In step 770, the EC control unit 123 controls the MUX 616 to load the CTR register 622 with the contents of the shift register 614 shifted right one bit. In addition, the EC control unit 123 causes the contents of the C register 680 to be loaded into the B register 662. The bit detector 626 will cause the control signal CS1 to be high at this point since the contents of the CTR register 622 will be nonzero when loaded with the contents of the shift register 614.
In step 780, the CTR register 622 is used to control a number of squaring operations performed on the contents of the C register 680. Control signal CS1 being high causes the data MUX 668 to select the contents of the C register 680 at input I1. At each iteration, the contents of the C register 680 will be multiplied by itself and the contents of the CTR register 622 decremented until it is decremented to zero. The bit detector 626 detects when the contents of the CTR register 622 is zero and causes the control signal CS1 to go low. When the control signal CS1 is made low, the multiplying operations of the contents of the C register are terminated. In step 790, the edge detector 628 detects a change in the level of the control signal CS1 and issues a control signal CS2 so as to cause the contents of the C register 680 to be multiplied by the contents of the B register 664 and to shift the contents of the shift register 614 one bit to the right. The operations of steps 770790 repeats until the least significant bit of the shift register is equal to 1 as determined in step 730. The process will go to step 740 and ultimately to step 750. Once the last multiplication operation of step 750 is performed, the inverse of the first plurality of bits representing β is the content of the R1 register 664 as described above.
The following is an example of the operation of the FF inverse circuit 600 according to the present invention. The finite field size or exponent=46=101110. The content of the various registers in the FF inverse circuit 600 is shown below at each clock cycle:
______________________________________Time Register Content(t) C R1 B Shift Register 614 CTR Register 622______________________________________ 0 β 1 101110 (46) 1 β.sup.2 101101 (45) 2 β.sup.4 β.sup.2 101100 (44) 3 β.sup.4 10110 (22) 4 β.sup.8 10101 (21)525 [β.sup.4 ]Z 0 Z = 2.sup.2226 (β.sup.4)(β.sup.Z) 010110 Z = 2.sup.2427 β.sup.4 β.sup.Z 1010 Z = 2.sup.24**50 000010 051 β.sup.1 = C (t = 50) * R1 (t = 50)______________________________________
After 50 clock cycles, the inverse of β is computed by multiplying the value of the C register at t=50 with the value of the R1 register at t=50.
The data circuit 660 shown in FIG. 5 computes the finite field inverse for any finite field. If the finite field representation is a normal basis representation, the FF square circuit 500 is used in place of the FF multiplier circuit 400 for those instances where the contents of the C register is multiplied by itself. In the course of computing an inverse for a finite field element in the normal basis representation, the EC control unit 123 controls the FF ALU 122 to invoke the operations of the FF square circuit 500, rather than the FF multiplier circuit 400. In this case, there is a extraordinary performance advantage to using the normal basis representation when computing the finite field inverse. This is because the squaring operation on a finite field element in the normal basis can be performed in one clock cycle, whereas the finite field multiplication operation requires m cycles, where m is the finite field size.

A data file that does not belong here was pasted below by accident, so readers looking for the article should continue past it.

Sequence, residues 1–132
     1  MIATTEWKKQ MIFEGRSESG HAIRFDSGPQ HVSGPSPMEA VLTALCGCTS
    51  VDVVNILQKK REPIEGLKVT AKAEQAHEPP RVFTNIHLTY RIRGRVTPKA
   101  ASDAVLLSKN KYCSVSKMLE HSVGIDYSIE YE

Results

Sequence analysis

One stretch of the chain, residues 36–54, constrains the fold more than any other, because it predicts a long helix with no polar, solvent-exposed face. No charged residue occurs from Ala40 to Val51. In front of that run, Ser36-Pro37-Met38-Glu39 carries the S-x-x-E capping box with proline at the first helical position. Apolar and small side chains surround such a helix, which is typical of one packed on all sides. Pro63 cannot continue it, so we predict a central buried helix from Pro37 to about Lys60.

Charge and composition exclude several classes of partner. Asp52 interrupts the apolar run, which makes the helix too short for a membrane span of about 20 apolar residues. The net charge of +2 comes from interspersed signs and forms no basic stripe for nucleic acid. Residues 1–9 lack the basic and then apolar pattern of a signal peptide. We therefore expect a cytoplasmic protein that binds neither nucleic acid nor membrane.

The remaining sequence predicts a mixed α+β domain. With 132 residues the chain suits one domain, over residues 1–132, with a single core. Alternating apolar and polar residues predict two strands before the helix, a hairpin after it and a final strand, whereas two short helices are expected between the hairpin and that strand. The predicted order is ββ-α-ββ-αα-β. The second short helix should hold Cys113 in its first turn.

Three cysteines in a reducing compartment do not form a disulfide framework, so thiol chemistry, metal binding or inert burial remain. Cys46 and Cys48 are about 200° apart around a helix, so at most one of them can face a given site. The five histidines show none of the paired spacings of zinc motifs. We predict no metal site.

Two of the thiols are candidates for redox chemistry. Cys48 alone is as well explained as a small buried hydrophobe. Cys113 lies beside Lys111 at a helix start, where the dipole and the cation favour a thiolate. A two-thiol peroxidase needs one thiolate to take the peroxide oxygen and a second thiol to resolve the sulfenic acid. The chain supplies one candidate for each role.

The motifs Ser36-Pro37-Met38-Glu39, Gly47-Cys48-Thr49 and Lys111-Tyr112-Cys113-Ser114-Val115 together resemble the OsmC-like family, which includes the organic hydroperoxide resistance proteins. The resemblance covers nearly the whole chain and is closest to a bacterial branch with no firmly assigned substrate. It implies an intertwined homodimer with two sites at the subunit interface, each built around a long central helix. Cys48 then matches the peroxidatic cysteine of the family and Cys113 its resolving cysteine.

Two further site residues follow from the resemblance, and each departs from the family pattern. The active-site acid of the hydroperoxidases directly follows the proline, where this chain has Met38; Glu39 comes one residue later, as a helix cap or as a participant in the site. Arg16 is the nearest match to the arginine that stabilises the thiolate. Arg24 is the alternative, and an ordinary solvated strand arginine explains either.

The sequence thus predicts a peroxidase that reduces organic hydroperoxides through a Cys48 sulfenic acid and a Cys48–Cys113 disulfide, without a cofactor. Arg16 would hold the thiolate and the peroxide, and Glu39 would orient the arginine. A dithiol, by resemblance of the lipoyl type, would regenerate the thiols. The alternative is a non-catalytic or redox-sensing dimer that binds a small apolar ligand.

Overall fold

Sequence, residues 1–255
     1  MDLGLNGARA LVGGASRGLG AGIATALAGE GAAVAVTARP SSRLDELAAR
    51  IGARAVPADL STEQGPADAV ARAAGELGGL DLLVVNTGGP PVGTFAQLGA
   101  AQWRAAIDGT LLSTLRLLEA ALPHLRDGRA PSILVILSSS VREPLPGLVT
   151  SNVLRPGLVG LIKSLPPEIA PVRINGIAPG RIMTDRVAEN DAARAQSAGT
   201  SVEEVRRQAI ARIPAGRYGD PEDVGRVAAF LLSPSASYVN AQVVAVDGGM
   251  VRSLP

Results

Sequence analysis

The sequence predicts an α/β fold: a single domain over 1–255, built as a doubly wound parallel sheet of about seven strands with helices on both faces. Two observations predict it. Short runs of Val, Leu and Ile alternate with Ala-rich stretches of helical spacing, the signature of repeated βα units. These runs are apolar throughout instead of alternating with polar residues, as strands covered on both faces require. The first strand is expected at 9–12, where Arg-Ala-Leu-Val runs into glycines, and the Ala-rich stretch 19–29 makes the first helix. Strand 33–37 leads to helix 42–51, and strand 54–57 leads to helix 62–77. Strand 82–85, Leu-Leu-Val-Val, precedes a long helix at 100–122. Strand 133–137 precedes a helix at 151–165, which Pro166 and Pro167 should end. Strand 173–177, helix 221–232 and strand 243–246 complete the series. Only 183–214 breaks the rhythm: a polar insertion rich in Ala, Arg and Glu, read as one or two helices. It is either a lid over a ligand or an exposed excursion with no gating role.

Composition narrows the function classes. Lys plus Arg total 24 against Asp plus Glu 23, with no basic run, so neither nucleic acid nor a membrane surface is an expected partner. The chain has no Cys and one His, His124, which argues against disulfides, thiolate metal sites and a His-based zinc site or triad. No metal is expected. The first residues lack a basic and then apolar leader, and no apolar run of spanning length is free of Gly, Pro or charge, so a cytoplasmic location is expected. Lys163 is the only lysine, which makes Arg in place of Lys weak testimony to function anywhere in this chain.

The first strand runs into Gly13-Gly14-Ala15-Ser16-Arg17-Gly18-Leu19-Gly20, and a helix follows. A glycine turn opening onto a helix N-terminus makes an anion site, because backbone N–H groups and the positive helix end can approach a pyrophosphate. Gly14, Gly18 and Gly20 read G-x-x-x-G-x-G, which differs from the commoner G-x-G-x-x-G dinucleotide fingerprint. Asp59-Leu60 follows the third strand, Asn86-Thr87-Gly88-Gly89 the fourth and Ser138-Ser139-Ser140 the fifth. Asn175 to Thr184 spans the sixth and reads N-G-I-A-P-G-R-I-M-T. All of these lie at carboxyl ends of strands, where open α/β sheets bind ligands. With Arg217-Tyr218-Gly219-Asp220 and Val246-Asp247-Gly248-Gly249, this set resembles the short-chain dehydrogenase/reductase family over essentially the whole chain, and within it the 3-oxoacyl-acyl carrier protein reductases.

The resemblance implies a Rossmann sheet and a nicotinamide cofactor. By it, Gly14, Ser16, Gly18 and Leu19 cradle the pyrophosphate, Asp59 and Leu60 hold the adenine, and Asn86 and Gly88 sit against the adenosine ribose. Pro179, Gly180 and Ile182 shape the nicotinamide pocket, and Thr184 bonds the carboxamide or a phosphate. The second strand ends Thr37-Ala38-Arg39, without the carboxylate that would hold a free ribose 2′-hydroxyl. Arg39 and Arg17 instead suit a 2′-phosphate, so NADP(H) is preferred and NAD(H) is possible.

The advantage to the circuit described above is that they do not require the use of the Extended Euclidean Algorithm, which is very costly to implement in hardware. For example, the present invention requires the following number of multiplication operations (the multiplication of the contents of R1 register by contents of C register and the multiplication of the contents of the C register by the contents of the B register) for these field sizes in the normal basis representation:
______________________________________Field Size Number of bits Number of Multiplications______________________________________113 = 1110001 7 8131 = 10000011 8 8155 = 10111111 8 10191 = 10111111 8 12209 = 11010001 8 9______________________________________
In general, the number of multiplications=(number of bits1)+(number of "1's" in the exponent1)1.
TABLE 1______________________________________Finite Field Inverse Example in GF(2.sup.131) Change ofRelation Variable Multiples Squares______________________________________β.sup.1 = β.sup.2.spsp.131 .sup.2= (β.sup.2).sup.2.spsp.130 .sup.1 α= β.sup.2 1= (α).sup.(2.spsp.65.sup.+1)(2.spsp.65.sup.1)= (αα.sup.2.spsp.65).sup.(2.spsp.65.sup.1) γ = αα.sup.2.spsp.65 1 65= γ.sup.(2.spsp.65.sup.1)= γ.sup.(2.spsp.65.sup.11+1)= γ(γ.sup.2).sup.(2.spsp.64.sup.1) δ = γ.sup.2 1= γδ.sup.(2.spsp.32 .sup.1)(2.spsp.32.sup.+1)= γ(δδ.sup.2.spsp.32).sup.(2.spsp.32.sup.1) ε = δδ.sup.2.spsp.32 1 32= γ(ε).sup.(2.spsp.16.sup.+1)(2.spsp.16.sup.1)= (εε.sup.2.spsp.16).sup.(2.spsp.16.sup.1) η = εε.sup.2.spsp.16 1 16= γ(η).sup.(2.spsp.8.sup.+1)(2.spsp.8.sup.1)= γ(ηη.sup.2).sup.(2.spsp.8.sup.1) θ= ηη.sup.2.spsp.8 1 8= γ(θ).sup.(2.spsp.4.sup.+1)(2.spsp.4.sup.1)= γ(θθ.sup.2.spsp.4).sup.(2.spsp.4.sup.1) ω= θθ.sup.2.spsp.4 1 4= γ(ω).sup.(2.spsp.2.sup.+1)(2.spsp.2.sup.1)= γ(ωω.sup.2.spsp.2).sup.(2.spsp.2.sup.1) ψ = ωω.sup.2.spsp.2 1 2= γ(ψψ.sup.2) 2 1 TOTALS 8 130______________________________________
The above description is intended by way of example only and is not intended to limit the present invention in any way except as set forth in the following claims.